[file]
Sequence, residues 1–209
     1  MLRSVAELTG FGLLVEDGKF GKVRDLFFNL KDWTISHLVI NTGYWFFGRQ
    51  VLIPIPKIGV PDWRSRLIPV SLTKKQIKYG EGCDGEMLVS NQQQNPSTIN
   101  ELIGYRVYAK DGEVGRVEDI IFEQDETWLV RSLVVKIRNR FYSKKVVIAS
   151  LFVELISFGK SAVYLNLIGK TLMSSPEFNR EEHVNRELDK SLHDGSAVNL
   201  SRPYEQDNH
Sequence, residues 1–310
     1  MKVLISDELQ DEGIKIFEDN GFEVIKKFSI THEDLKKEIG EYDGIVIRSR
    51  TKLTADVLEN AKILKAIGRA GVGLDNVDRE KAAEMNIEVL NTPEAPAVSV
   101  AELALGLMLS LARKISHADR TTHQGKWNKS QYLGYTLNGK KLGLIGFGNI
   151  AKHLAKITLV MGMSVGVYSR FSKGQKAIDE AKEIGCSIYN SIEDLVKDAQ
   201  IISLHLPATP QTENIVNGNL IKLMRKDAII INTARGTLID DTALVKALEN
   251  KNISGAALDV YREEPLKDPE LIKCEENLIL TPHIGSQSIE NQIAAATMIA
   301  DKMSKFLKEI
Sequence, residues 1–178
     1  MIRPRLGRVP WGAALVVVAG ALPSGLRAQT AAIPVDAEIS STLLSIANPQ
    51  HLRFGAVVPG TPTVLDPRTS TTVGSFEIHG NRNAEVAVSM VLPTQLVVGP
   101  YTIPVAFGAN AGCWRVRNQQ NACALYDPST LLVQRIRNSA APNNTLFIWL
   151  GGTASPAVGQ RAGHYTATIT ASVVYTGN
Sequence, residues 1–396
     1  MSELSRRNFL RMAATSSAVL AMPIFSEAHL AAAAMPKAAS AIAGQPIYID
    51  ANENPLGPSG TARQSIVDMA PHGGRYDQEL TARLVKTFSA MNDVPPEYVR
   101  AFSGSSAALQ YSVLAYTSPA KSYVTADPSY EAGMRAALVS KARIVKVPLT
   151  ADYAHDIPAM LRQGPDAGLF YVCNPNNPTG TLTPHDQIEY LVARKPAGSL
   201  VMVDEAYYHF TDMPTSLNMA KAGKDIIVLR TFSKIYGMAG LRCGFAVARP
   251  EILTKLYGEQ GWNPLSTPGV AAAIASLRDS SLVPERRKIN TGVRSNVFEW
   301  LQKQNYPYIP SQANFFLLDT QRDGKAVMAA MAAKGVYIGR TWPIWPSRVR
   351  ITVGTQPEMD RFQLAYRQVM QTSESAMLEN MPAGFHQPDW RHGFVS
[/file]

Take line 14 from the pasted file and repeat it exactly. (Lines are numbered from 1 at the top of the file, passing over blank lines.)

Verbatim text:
   301  DKMSKFLKEI